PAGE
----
by Dianna Brodine, vice president, editorial, Plastics Business
“I received a call from the bank,” said Erica Berg, chief financial officer for Vital Plastics, Inc., Baldwin, Wisconsin. “A check was coming through on our payroll account, and the bank wanted to verify it since it didn’t match up with the data we had provided.”
Vital Plastics uses a service called Positive Pay to provide a safety net against fraudulent checks. Once each week, Berg downloads a file of all checks written – check number, dollar amount, date and who it was written to – and uploads it to the bank through Positive Pay. The bank then compares all checks presented for payment to the file. If all four boxes aren’t matched, it triggers a phone call to the account holder.
“It’s unusual to get a call, and in this case, the check was coming through on our payroll account, which was an immediate flag because its not often we have a paper check written through that account,” said Berg. Vital Plastics uses two accounts – one for operating payables and one for payroll. Payroll typically is paid via ACH electronic fund transfers, and incentive checks (which are printed) are only paid quarterly.
“Then, the bank employee told me dollar amount, which was several hundred dollars over the amount of the most recent incentive check that would have been written from that account,” said Berg.
Berg asked for a copy of the check, and it was at this point that the sophistication of the attempted fraud became more apparent. First, the signature on the check matched exactly that of Vital Plastics’ owner George Hauser. The date on the check was an actual payroll date for Vital Plastics. The check is nearly identical to payroll checks used by Vital Plastics – in fact, on the front of the check, only tiny numbers in a size 5 font that are printed under the check number and the lack of a small logo would indicate to a sharp eye that the check was fraudulent. And, the check number itself was advanced from current check numbers being used by the company by only 100 numbers – far enough to avoid being flagged as a duplicate check, but not so far as to arouse immediate suspicion by someone monitoring the account.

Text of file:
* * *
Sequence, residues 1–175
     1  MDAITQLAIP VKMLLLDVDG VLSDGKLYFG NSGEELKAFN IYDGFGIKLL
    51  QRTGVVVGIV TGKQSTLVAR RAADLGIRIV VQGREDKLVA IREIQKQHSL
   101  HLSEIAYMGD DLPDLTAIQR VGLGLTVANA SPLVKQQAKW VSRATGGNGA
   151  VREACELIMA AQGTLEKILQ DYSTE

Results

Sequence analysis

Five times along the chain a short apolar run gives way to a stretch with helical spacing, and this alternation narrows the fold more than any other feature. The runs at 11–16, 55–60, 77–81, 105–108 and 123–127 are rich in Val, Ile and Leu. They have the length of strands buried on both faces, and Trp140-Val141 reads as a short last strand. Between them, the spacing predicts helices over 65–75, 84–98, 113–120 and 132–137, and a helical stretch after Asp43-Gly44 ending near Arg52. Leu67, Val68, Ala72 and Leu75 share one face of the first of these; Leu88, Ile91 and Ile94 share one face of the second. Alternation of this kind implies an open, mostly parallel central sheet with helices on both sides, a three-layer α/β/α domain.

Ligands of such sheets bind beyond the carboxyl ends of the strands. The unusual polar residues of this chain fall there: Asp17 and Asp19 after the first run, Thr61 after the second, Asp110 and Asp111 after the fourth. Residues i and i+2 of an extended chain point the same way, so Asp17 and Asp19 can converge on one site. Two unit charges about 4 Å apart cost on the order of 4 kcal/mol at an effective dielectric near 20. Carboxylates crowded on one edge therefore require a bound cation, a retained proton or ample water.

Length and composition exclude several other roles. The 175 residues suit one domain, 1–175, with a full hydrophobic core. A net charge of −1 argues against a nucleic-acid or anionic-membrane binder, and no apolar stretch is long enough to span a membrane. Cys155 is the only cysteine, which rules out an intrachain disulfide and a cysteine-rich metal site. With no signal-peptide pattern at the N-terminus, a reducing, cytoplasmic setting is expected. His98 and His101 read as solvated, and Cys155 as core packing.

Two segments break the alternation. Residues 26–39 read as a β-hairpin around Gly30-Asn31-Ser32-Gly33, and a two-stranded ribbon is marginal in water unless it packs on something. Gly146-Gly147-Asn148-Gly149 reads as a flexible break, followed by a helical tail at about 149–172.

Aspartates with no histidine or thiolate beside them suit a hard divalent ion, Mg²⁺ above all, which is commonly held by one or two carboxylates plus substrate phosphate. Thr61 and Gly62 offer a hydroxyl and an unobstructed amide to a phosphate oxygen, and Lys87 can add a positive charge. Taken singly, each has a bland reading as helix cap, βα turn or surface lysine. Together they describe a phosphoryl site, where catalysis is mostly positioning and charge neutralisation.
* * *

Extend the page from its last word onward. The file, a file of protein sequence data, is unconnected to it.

However, Hauser hadn’t signed a check on that account at any point in 2022 – another one of the owners had been responsible for signing the incentive checks. And, when Berg flipped the check over, there were obvious differences in styles and wording in the endorsement area.
The check had been written to an individual not on the company’s employee list and was mobile deposited to a bank in the area. When Hauser called the bank to report the fraudulent check, the account to which it was deposited already had been closed.
Luckily, Vital Plastics has been taking advantage of the Positive Pay feature of its bank’s cash management service for three years. “By the time I was off the phone call with the bank employee who called to verify the check for payment,” I could see in real-time on our bank account that the check was reported as fraudulent and the money was back in our account,” said Berg. “We do pay a fee for this service, but it’s a small fee in comparison to what we could lose.”
Positive Pay is an automated fraud detection tool offered by the Cash Management Department of most banks. Positive Pay requires the company to send (transmit) a file of issued checks to the bank each day checks are written. When those issued checks are presented for payment at the bank, they are compared electronically against the list of transmitted checks. The check-issue file sent to the bank contains the check number, account number, issue date, and dollar amount. Sometimes, the payee name is included, but is not part of the matching service. When a check is presented that does not have a “match” in the file, it becomes an “exception item.” The bank sends a fax or an image of the exception item to the client. The client reviews the image and instructs the bank to pay or return the check. For more information, inquire with your local bank.